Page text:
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It’s an elevator-type trap, but pigeon sized. Instead of a sparrow-sized cage it’s a five gallon bucket. I thought it was hilarious, but that video didn’t post very well.
I might, though I’m not sure I’d have anything to look at. I can’t get the bluebirds to nest in my boxes. I put the boxes up and they check them out, walk the roofline, look all excited, then disappear and aren’t seen again until September. When the whole brood stops by to say “hi”. It’s good that they’re nesting somewhere, but I’m not closing the sale. I got a house wren this year, which is better (in some sense) than the previous two seasons, which were total shutouts.
What I have the most of here are grey phoebees, house finches, hummingbirds, acorn woodpeckers, and ravens. I also get a lot of hooded orioles in May, feeding from my Grevillea robusta. None of which take to a nest box. Surprisingly few HOSP and EUST.March 25, 2017 at 4:59 pm in reply to: Should I even bother with a box for my BB if I have HOSP around? #3337
I used to live in suburban Fort Wayne. My first year or two went fine, no HOSP problems.
I didn’t think I would want to kill the little brown birdies, until I saw one dragging the dead bluebird babies out of the house and dropping them on the ground. That sort of thing changes your attitude in a hurry.
I worked on the imager instrument that produced that picture.
- This reply was modified 3 years, 2 months ago by Perry R.
Carol’s concept is an excellent one for a hot climate summer box. White surface facing the sun, insulation underneath, and an air gap between the insulation and the house. The white surface reflect away most of the sunlight, so the outer surface stays as cool as possible. The insulation keeps the heat from being transferred to inside surface. The air gap serves as an insulating layer and as a chimney to cool the inner layer of the insulation, removing whatever heat gets transferred to the inner surface. Putting one insulating block on the south side (assuming you live in the northern hemisphere) and on the top blocks sides with the strongest incoming sunlight. One on the west side might be a good addition, too, since there is strong solar heating in the evening on the west when the air temperature is the hottest. Probably your box entrance hole faces east to keep rain from blowing in, so insulating the mounting pole side should be easy.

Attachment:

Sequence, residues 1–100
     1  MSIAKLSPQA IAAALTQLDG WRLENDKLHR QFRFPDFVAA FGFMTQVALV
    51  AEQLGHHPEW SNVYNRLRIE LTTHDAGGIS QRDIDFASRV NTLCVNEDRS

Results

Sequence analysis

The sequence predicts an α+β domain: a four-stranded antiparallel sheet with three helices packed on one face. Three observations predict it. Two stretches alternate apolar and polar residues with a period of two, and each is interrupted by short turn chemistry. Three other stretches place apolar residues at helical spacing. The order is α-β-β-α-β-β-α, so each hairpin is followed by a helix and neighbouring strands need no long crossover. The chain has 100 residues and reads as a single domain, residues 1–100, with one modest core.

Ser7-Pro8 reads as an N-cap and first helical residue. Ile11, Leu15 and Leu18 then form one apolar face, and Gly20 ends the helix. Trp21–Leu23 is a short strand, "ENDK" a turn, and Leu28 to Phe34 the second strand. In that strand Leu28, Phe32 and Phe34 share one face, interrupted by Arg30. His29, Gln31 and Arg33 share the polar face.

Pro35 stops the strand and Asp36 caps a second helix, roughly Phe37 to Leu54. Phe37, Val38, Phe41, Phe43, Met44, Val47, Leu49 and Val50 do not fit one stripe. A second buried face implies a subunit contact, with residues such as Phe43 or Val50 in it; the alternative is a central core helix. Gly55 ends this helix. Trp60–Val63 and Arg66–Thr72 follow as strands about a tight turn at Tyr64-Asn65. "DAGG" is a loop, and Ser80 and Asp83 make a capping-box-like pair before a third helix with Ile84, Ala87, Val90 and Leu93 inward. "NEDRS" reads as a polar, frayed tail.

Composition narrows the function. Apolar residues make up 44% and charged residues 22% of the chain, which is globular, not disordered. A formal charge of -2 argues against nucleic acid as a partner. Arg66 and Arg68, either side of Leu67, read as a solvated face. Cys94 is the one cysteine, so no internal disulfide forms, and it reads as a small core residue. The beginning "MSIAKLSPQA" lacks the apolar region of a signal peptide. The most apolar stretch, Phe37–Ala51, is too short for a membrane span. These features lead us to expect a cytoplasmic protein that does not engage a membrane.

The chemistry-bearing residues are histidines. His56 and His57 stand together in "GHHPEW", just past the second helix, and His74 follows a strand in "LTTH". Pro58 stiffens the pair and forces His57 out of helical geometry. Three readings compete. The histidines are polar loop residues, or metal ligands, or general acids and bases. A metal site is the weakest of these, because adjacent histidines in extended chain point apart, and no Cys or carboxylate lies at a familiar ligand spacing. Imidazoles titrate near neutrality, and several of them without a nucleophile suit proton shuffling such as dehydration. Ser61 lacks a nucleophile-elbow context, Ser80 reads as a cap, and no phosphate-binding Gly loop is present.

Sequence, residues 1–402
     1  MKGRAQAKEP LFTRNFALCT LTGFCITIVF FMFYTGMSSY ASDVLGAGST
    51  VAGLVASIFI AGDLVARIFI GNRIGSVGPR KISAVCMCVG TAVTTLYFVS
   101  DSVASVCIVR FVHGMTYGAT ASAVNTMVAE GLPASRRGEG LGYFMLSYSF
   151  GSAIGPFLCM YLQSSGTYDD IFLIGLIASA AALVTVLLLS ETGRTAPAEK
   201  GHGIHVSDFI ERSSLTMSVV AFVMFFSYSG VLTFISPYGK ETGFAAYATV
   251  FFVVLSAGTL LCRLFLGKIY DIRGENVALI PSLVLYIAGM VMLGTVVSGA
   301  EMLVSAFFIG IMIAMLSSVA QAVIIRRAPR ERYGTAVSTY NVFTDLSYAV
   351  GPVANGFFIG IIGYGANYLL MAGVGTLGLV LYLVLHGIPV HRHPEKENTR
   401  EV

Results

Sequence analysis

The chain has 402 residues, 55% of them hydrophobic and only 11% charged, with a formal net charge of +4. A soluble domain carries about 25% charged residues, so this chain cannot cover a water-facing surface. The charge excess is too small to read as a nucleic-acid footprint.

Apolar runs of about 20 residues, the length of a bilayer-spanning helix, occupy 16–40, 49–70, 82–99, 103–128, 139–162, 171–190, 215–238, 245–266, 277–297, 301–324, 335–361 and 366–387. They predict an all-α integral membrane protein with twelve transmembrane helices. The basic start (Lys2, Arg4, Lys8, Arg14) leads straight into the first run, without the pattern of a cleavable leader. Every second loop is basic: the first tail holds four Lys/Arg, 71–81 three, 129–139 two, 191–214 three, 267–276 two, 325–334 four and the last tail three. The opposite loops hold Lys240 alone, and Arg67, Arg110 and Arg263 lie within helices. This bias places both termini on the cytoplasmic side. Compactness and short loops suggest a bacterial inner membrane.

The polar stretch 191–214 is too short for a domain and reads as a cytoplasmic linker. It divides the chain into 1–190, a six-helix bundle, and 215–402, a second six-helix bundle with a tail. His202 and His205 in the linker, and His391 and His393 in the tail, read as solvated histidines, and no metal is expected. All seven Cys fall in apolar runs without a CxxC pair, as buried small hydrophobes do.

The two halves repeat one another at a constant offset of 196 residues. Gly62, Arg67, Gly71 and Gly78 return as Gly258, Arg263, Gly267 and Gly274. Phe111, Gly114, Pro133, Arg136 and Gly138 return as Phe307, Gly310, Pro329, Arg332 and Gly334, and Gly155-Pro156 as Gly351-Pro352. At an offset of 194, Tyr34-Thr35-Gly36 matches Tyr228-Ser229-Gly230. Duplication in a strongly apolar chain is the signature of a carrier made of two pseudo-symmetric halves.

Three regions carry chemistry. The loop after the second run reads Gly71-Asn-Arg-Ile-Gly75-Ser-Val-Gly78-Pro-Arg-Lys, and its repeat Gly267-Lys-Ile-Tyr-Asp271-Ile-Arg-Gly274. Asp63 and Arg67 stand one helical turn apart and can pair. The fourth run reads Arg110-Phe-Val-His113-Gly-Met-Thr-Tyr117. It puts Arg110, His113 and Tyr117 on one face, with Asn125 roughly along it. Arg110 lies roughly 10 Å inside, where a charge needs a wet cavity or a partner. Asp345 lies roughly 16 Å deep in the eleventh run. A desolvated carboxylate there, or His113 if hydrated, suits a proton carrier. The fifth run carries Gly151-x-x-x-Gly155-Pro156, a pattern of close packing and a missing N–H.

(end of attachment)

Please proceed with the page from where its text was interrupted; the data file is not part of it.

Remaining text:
(I’ve been making a living on spacecraft thermal control and atmospheric physics for most of the last 35 years, so I feel confident in making that assessment.)
I’ve heard lots of legends about birds not liking painted houses, but I have not seen it. If they will put up with Carol’s rig they aren’t going to mind a little latex paint. I wouldn’t paint the inside, but my box that is painted on the outside has been a favorite. The only boxes I’ve heard about that need to be colored on the inside hare bat houses. They like things to be black on the inside, so use a water based stain for them, but bird houses should be bare wood.
Perry Ramsey here. I used to go by the name pgrfw because I lived in Fort Wayne, IN. I was host to about ten fledglings a year back there, but I gave it all up and moved to Los Angeles. Even though I live in the LA city limits I have a pretty nice setup here. We see scrub jays, mockingbirds, flickers, phoebes, a great horned owl visits almost every night, and we occasionally see a bobcat. (And crows. And ravens. Tons of them.) I see bluebirds around, just not in my yard. I didn’t get my nest boxes up last year. Have to get on the stick and get some up before the season starts.